Unspoken Conversations are the topics that are often swept under the carpet, whispered amongst the closest of friends and bitched about by many. I want to create awareness about difficult things that people face in life; grief, mental health, money, illnesses, family troubles, relationship difficulties and putting yourself first. I want to tell the truth about things that really matter.

Sunday, 16 February 2014

Depression Medication and Babies


So I finally got around to making that doctors appointment;  you know the one that has been playing on your mind for awhile but you keep postponing, finding excuses and pushing to the bottom of your long to do list?

I started the journey of decreasing my depression Medication 3 months ago. I must admit that it was one of the hardest decisions that I have ever had to make because while I felt ready, I will never ever be ready for my illness to return.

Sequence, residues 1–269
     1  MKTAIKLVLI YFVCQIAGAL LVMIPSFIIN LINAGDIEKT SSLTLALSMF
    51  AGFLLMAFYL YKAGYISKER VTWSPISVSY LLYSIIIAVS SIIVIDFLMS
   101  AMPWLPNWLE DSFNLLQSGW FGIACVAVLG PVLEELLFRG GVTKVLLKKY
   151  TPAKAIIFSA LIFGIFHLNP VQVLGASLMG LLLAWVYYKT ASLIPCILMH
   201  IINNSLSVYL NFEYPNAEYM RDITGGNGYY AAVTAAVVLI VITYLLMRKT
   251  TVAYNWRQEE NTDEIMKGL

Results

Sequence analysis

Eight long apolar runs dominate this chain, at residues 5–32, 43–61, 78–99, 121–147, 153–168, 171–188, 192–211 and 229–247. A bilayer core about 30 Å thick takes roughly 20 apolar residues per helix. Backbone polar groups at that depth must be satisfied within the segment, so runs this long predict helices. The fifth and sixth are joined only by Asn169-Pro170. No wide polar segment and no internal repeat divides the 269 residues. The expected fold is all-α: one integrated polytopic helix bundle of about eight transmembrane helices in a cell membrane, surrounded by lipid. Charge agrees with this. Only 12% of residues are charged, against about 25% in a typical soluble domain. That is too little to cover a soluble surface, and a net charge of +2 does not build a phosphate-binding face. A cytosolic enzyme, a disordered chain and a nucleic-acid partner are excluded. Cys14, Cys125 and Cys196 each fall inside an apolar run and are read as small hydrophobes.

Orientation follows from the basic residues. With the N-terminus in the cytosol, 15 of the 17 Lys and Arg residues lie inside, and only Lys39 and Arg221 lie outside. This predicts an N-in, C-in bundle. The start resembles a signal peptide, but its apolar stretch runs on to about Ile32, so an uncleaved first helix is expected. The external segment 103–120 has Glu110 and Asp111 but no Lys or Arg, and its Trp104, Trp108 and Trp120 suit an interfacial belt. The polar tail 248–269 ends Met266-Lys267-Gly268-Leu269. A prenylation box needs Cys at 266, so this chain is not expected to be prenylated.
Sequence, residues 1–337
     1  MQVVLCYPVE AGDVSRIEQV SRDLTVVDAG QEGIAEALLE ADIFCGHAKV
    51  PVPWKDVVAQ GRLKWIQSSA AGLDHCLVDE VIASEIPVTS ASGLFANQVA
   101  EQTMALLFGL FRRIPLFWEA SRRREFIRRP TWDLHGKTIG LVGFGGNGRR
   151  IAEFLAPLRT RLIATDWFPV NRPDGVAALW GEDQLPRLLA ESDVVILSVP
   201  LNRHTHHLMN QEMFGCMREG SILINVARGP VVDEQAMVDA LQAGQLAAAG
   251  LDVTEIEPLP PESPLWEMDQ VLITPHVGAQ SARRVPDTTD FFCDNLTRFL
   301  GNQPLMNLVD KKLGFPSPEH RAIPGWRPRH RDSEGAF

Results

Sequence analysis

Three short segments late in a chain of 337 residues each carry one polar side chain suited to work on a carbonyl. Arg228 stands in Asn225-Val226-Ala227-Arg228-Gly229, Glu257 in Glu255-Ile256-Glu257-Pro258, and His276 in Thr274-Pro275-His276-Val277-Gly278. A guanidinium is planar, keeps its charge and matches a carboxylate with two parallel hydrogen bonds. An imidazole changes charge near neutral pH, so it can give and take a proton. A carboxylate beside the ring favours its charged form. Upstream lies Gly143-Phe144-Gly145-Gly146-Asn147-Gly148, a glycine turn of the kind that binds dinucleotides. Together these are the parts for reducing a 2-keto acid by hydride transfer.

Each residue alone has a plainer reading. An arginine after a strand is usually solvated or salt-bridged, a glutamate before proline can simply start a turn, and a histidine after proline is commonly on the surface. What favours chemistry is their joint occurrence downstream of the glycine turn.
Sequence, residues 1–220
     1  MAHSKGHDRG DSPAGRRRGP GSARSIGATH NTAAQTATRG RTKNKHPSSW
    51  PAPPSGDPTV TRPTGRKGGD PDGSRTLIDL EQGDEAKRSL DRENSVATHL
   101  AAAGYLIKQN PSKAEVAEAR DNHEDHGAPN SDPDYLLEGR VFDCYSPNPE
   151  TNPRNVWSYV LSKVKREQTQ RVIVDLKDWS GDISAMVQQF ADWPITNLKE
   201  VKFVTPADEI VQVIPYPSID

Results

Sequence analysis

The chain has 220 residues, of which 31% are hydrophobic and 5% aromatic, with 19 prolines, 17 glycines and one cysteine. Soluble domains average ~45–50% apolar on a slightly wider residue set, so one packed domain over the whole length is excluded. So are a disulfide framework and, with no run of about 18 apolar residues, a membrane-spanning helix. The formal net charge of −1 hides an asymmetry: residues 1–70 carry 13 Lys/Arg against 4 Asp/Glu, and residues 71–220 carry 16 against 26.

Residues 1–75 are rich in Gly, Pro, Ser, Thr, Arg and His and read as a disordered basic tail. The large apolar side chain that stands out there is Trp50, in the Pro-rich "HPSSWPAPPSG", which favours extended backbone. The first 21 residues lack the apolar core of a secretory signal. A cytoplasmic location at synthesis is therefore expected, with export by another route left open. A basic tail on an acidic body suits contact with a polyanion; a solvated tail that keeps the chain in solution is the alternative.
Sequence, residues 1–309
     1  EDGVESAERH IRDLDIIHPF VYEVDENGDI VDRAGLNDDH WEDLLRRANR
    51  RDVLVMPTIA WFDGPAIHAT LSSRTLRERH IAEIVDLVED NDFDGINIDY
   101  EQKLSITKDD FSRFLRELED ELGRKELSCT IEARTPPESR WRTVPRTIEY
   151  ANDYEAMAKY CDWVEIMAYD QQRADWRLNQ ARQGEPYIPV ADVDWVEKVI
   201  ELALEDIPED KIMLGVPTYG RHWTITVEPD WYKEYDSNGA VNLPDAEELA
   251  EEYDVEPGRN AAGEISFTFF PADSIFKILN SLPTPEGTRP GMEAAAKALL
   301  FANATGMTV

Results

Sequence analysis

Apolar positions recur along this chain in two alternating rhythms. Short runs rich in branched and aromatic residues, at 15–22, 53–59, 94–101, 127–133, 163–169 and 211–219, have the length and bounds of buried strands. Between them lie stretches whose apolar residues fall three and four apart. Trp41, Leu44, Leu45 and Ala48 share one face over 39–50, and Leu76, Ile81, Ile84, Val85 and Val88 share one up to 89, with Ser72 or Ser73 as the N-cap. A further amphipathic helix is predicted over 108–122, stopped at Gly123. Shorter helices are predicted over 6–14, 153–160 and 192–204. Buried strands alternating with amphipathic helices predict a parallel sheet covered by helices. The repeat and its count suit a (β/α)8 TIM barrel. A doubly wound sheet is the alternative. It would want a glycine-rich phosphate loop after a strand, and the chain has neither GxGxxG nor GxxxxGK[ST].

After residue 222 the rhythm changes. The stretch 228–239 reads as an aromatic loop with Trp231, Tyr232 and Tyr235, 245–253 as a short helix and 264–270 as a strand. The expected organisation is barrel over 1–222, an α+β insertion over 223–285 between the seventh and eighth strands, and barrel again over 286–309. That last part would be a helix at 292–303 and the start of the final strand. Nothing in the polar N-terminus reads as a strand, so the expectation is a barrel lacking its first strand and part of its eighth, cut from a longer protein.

But I did it.

I starting taking 100mg of pristiq one day and 50mg the next and I'm doing okay!
I've even dealt with really challenging and confronting decisions and high levels of stress during my journey.

In December I quit a job that I loved because it started affecting my health.
I started a new job 3 days later with no time to unwhinde and reflect on my decisions but I handled the transition to the best of my ability and have met many wonderful new colleagues and am developing new skills.

And I'm okay.  I haven't collapsed into a heap.  I haven't lost my bundle.  I am taking each day as it comes,  constantly monitoring my stress levels and finding beauty in each day and time to reflect and unwhinde.

Then came THE doctors appointment; the one where I'd discuss my progress and my future treatment plan and the topic of pregnancy came into the doctors office for the first time in my life.

It's things like this that scare the crap out of me! Via

Am I allowed to fall pregnant on my medication?

Are there any known affects to the baby?

What if the answer was no, that I couldn't be on my medication while being pregnant?  Would I ready to  let go of my security blanket?

My heart was pumping.